U.S. Supreme Court
Kentucky v. Whorton, 441 U.S. 786 (1979)
Kentucky v. Whorton
Argued April 16, 1979
Decided May 21, 1979
441 U.S. 786
Upon trial in a Kentucky state court, respondent was convicted of several offenses. The trial court refused to give respondent's requested jury instruction on the presumption of innocence, but did give an instruction to the effect that the jury could return a guilty verdict only if they found beyond a reasonable doubt that respondent had committed the acts charged with the requisite criminal intent. Relying on its understanding of Taylor v. Kentucky, 436 U. S. 478 -- where this Court reversed a conviction resulting from a trial in which the judge had refused to give a requested instruction on the presumption of innocence -- the Kentucky Supreme Court held that such an instruction is constitutionally required in all criminal trials, and that the failure of a trial judge to give it cannot be harmless error.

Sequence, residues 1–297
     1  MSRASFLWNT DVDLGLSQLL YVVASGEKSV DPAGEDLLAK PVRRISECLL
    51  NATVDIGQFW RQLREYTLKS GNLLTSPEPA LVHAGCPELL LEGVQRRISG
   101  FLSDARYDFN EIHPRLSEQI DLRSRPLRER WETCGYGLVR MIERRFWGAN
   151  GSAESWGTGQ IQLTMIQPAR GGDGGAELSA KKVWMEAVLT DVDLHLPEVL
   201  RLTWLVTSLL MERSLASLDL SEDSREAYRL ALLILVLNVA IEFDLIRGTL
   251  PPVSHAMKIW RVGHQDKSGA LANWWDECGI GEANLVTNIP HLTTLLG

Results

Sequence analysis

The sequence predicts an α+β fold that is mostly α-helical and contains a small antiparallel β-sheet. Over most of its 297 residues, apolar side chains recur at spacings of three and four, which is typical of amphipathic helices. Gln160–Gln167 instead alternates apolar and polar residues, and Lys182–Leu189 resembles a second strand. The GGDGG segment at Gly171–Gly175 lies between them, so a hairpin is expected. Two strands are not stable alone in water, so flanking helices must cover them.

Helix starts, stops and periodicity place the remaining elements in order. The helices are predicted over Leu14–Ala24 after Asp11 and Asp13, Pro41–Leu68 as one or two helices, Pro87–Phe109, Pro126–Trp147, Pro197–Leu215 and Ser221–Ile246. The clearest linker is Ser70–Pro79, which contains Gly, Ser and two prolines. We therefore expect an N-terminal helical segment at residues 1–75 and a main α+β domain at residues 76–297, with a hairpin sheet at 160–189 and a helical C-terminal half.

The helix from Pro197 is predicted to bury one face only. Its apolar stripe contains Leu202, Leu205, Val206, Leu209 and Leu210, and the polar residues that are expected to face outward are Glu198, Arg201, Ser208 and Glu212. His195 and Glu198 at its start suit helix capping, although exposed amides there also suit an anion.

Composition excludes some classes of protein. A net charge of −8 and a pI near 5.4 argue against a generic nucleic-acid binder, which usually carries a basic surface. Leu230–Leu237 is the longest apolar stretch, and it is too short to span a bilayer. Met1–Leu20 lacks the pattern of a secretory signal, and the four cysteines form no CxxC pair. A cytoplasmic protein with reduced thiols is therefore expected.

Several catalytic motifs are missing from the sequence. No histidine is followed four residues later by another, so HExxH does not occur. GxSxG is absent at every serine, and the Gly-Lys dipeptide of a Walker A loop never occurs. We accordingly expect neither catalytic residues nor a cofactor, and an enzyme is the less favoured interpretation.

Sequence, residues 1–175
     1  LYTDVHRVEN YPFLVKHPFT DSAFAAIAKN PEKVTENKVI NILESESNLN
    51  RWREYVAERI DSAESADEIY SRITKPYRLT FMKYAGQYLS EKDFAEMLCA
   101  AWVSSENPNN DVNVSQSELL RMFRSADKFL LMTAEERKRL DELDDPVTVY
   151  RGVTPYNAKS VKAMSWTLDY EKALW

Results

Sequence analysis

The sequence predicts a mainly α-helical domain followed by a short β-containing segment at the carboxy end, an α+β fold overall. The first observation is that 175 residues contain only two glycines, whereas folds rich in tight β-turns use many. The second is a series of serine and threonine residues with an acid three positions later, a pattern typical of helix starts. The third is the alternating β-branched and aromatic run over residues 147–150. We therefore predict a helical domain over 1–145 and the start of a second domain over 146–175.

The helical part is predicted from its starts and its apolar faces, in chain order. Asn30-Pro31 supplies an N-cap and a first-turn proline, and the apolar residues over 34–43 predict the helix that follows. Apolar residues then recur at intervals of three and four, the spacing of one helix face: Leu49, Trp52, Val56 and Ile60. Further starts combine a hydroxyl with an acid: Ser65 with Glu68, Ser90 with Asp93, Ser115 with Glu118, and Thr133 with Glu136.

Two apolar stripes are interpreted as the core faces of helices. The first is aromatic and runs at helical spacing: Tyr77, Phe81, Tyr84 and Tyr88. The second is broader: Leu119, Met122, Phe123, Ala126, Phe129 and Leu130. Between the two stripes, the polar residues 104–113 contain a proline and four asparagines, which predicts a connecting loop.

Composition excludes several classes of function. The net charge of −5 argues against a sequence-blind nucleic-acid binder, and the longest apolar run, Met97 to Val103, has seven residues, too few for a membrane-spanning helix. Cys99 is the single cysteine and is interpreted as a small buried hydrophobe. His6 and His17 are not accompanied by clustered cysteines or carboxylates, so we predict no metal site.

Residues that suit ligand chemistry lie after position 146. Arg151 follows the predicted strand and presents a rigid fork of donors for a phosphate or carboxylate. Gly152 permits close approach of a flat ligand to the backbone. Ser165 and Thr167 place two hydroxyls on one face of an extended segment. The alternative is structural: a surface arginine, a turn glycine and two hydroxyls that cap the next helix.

Held: The Kentucky Supreme Court erred in interpreting Taylor, supra, as holding that the Due Process Clause of the Fourteenth Amendment absolutely requires that an instruction on the presumption of innocence must be given in every criminal case. The failure to give such an instruction when requested does not, in and of itself, violate the Constitution. Under Taylor, such a failure must be evaluated in light of the totality of the circumstances -- including all the instructions, the arguments of counsel, whether the weight of the evidence was overwhelming, and other relevant factors -- to determine whether the defendant received a constitutionally fair trial.
570 S.W.2d 627, reversed and remanded.